Returning to in-person work cannot be simply about vaccinations, air hygiene, and testing protocols. This is less about revisiting hiring strategies or cultural competency training and far more about intentionally reorienting our relationship to and expectations of time. ~Alaina Kleinbeck
Now and then I stumble upon an article that not only encapsulates something I’ve been contemplating but also hits me right between the eyes with an added challenge. That happened today. As I slowly return to in-person meetings with clients I’ve been thinking about “time.” Will my view of time be different in the coming months? Do I value time differently than I did 14 months ago? How will others value time? My list of questions about time is constantly evolving.
Alaina Kleinbeck described time over the past year as “feeling like a pile of pudding on a hot sidewalk – ill-defined, shape-shifting mush. The difference between one day and another has blurred, marked most clearly by how many hours we sat in front of Zoom.” Oh, so true.
Our Relationship with Time and White Supremacy
Then, what she said next sort of stopped me in my tracks. She said, “Specifically, I need to consider the way my relationship with time is a function of the values of white supremacy.” Okay, now she had my attention.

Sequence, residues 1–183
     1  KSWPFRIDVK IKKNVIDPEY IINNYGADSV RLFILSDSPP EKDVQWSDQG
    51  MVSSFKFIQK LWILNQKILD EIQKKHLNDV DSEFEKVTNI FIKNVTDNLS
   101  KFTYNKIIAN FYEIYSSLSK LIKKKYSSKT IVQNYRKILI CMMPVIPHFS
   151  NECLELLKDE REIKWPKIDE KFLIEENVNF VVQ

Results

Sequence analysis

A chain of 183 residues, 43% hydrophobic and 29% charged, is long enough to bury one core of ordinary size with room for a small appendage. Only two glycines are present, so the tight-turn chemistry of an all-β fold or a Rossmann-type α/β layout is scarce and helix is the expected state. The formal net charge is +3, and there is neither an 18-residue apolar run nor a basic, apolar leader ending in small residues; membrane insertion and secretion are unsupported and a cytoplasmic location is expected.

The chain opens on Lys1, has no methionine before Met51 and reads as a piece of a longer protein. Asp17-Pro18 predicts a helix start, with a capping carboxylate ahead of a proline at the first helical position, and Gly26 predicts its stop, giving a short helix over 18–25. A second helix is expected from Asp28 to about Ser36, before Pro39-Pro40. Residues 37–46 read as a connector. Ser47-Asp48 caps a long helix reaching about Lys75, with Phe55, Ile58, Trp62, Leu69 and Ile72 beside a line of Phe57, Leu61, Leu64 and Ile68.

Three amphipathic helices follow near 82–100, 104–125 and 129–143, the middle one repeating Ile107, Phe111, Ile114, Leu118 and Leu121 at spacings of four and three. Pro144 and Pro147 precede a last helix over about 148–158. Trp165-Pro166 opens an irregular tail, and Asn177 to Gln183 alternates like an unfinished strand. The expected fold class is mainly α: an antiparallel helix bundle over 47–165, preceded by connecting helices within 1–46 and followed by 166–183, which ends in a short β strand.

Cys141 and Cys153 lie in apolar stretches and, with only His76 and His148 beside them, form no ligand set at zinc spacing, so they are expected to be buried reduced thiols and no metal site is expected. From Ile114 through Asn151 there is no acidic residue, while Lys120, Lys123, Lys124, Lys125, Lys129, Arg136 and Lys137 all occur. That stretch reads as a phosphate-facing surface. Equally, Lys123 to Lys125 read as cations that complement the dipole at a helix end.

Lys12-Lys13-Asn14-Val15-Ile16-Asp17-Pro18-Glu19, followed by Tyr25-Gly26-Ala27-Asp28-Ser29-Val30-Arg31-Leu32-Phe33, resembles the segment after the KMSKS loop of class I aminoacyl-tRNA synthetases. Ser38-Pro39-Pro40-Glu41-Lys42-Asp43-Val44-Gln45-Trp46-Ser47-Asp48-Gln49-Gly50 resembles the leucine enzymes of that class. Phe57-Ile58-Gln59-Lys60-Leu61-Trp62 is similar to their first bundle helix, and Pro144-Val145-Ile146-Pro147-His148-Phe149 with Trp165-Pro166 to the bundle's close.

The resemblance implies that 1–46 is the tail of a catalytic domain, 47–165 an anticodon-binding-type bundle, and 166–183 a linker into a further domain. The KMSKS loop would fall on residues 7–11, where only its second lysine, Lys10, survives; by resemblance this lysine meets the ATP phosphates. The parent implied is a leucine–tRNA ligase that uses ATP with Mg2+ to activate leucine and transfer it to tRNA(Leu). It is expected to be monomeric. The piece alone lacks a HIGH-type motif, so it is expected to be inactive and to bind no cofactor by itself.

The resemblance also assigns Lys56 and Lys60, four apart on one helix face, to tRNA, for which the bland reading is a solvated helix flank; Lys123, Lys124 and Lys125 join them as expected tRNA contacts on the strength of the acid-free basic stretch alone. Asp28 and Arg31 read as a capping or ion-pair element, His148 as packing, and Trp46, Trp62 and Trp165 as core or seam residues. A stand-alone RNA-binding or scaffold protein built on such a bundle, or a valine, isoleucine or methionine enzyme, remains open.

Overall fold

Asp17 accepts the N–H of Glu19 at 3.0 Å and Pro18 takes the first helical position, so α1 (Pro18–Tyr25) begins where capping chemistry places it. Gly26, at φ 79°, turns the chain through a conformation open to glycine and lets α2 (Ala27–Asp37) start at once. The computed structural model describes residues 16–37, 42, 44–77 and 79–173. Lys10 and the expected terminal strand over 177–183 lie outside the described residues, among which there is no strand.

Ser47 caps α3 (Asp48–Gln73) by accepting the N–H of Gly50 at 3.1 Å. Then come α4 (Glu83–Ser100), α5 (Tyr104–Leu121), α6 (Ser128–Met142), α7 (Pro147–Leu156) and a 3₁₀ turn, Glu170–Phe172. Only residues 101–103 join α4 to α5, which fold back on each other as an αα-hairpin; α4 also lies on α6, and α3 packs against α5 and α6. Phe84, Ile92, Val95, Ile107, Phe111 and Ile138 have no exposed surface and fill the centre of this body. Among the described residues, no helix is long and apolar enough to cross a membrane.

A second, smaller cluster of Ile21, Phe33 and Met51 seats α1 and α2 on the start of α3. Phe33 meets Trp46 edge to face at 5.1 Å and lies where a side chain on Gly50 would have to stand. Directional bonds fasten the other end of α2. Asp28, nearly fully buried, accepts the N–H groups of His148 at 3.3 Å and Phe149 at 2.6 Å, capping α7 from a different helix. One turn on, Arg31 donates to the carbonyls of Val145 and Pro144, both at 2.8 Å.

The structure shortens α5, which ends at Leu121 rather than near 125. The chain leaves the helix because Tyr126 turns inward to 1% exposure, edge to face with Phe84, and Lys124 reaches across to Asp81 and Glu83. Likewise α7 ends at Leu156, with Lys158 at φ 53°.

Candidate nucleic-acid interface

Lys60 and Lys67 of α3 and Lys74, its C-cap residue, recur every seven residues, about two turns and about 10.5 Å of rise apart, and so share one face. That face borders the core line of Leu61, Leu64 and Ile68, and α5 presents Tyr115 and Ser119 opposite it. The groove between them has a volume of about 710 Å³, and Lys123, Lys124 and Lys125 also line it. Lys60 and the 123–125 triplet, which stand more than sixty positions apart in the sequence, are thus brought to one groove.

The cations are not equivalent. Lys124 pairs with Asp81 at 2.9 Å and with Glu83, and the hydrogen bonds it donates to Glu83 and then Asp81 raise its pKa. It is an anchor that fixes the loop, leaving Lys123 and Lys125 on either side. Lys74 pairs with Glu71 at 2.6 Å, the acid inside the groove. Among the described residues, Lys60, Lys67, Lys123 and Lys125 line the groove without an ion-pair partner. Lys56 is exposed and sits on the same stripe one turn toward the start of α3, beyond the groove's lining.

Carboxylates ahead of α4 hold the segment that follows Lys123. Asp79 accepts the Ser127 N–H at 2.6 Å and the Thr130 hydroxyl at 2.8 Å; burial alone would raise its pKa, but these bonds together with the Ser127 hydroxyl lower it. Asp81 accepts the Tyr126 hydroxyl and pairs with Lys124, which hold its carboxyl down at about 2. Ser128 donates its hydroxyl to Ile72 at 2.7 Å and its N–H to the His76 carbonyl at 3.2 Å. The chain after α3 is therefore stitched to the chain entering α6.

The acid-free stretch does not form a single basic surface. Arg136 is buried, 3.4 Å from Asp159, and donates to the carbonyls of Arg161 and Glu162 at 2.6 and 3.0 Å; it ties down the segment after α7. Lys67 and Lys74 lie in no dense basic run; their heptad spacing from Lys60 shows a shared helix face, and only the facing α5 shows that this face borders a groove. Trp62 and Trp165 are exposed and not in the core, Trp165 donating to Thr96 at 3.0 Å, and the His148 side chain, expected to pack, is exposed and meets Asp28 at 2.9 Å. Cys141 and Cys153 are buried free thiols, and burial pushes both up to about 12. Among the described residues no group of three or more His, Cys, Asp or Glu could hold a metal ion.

In a typical predominantly white U.S. culture we tend to put a high value on precise schedules . We treat time as if it’s a limited commodity. We reward employees who stay focused and complete tasks in a linear sequence. However, Kleinbeck says there are other cultures that blend tasks, relationships, and responsibilities into one moment. For example, the start and end time of a meeting is less important than the relationship with the people in the meeting. Timely completion is not innately valued. What’s valued far more is the relationship with the task and the collaborators.
Our Cultural Norms about Time
As I think about my own relationship with time, what better opportunity to also think about my own white cultural norms that I may be forcing onto others. Here are just a few reminders for me from Kleinbeck’s list that I’ve modified to fit my work.
- Prioritize collaborative decision-making about timelines that takes into account individuals’ professional and personal demands.
- Reframe interruptions and distractions (professional and personal) as everyone doing their best to respond to the multiple callings in their life.
- Facilitate meetings that are more like conversations and less like running-through talking points.
We’re at a rare moment in history when we have the opportunity to rethink our relationship with time. So lead with bold grace and consider how your relationship with time is communicating your need for others to accommodate your cultural norms.